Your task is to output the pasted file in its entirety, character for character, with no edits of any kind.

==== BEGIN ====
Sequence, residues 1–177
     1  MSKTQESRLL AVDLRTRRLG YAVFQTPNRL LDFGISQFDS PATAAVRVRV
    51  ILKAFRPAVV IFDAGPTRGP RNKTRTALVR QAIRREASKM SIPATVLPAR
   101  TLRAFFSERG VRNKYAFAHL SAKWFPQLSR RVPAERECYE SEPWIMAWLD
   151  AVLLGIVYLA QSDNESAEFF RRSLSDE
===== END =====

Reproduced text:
Sequence, residues 1–177
     1  MSKTQESRLL AVDLRTRRLG YAVFQTPNRL LDFGISQFDS PATAAVRVRV
    51  ILKAFRPAVV IFDAGPTRGP RNKTRTALVR QAIRREASKM SIPATVLPAR
   101  TLRAFFSERG VRNKYAFAHL SAKWFPQLSR RVPAERECYE SEPWIMAWLD
   151  AVLLGIVYLA QSDNESAEFF RRSLSDE